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The mid-Capitanian (Middle Permian) mass extinction and carbon isotope record of South China

Bond, D. P. G.; Wignall, P. B.; Wang, W.; Izon, G.; Jiang, H.-S.; Lai, X.-L.; Sun, Y.-D.; Newton, R. J.; Shao, L.-Y.; Védrine, S. and Cope, H. (2010). The mid-Capitanian (Middle Permian) mass extinction and carbon isotope record of South China. Palaeogeography, Palaeoclimatology, Palaeoecology, 292(1-2) pp. 282–294.

DOI (Digital Object Identifier) Link: http://dx.doi.org/10.1016/j.palaeo.2010.03.056
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Abstract

Conodont, C isotope and fossil and facies data are presented for the Capitanian (Middle Permian)mass extinction record seen in platform carbonates (Maokou and Wuchiaping formations) of South China, where limestones interdigitate with the volcanic succession of the Emeishan large igneous province. The Maokou Formation provides an extinction recordmarked by the loss of keriothecal-walled fusulinaceans and a turnover incalcareous algae. In sections within the Emeishanprovince this crisis occurs at the base of the oldest record of volcanismfrom the Jinogondolella altudaensis conodont zone (of mid-Capitanian age). Around the periphery of the Emeishan province this extinction level lies within the upper part of the Maokou Formation at a level where platform carbonate deposition was frequently interrupted by thick volcanic ash depositional events. The assemblages of the uppermost Maokou Formation are characterised by typical “Late Permian” taxa although these levels still lie within theMiddle Permian (Guadalupian Series). “Disaster” taxa, such as Earlandia and Diplosphaerina are locally prolifically abundant in the aftermath of the mass extinction. The crisis is particularly noteworthy amongst photosynthetic taxa such as calcareous algae and fusulinaceans that probably harboured photosymbionts. Therefore, a kill mechanism involving cooling from explosive volcanism and potentially acid rain from sulphate aerosols appears appropriate. A composite δ13Ccarb curve, calibrated against a high-resolution conodont biostratigraphy reveals a major intra-Capitanian negative excursion (of >5‰) superimposed on typically heavy (4–5‰)Middle Permian values. This curve can also be recognised in Panthalassan seamount carbonates of Japan although this requires reassignment of apparently Upper Permian limestones to the Middle Permian. In both China and Japan the Capitanian mass extinction occurs during the early stage of this major, intra-Capitanian negative excursion. Assuming typical platform carbonate accumulation rates, the records of the Maokou Formation suggest δ13Ccarb values fell at ~0.01‰/kyr suggesting a catastrophic origin (such as gas hydrate destabilisation) is unlikely, although a volcanic source is possible.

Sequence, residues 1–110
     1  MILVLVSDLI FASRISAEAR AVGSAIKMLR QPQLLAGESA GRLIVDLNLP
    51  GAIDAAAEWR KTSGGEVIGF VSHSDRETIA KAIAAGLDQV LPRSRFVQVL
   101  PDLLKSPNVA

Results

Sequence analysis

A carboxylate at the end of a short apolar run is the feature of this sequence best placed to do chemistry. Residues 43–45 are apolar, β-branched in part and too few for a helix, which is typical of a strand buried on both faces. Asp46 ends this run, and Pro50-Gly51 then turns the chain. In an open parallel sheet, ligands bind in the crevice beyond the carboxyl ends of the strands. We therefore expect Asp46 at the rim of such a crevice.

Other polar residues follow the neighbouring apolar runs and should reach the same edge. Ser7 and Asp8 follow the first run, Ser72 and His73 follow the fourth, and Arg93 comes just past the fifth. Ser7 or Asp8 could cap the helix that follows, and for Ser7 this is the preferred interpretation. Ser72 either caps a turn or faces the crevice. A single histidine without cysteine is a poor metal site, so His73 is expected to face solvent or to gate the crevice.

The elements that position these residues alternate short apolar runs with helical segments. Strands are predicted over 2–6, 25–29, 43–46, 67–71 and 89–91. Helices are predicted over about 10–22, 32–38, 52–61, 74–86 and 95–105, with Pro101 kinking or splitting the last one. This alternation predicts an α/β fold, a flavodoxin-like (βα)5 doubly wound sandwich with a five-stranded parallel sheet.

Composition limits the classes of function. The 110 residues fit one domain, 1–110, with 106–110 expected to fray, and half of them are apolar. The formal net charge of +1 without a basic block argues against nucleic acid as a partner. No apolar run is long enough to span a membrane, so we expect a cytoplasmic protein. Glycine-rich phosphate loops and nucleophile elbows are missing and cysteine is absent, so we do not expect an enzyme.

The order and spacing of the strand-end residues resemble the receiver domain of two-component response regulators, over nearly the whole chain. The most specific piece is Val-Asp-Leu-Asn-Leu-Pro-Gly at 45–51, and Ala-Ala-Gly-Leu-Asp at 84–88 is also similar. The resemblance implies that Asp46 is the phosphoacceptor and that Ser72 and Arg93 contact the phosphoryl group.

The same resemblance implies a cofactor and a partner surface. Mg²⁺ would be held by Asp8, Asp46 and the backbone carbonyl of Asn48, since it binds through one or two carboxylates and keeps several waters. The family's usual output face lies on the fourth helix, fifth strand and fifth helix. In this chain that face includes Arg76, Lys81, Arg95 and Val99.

Item Type: Journal Article
Copyright Holders: 2010 Elsevier B.V.
ISSN: 0031-0182
Keywords: extinction; Permian; Guadalupian; Emeishan; volcanism; Foraminifera
Academic Unit/Department: Science > Environment, Earth and Ecosystems
Interdisciplinary Research Centre: Centre for Earth, Planetary, Space and Astronomical Research (CEPSAR)
Item ID: 32536
Depositing User: Gareth Izon
Date Deposited: 15 Feb 2012 15:38
Last Modified: 14 Nov 2012 12:31
URI: http://oro.open.ac.uk/id/eprint/32536
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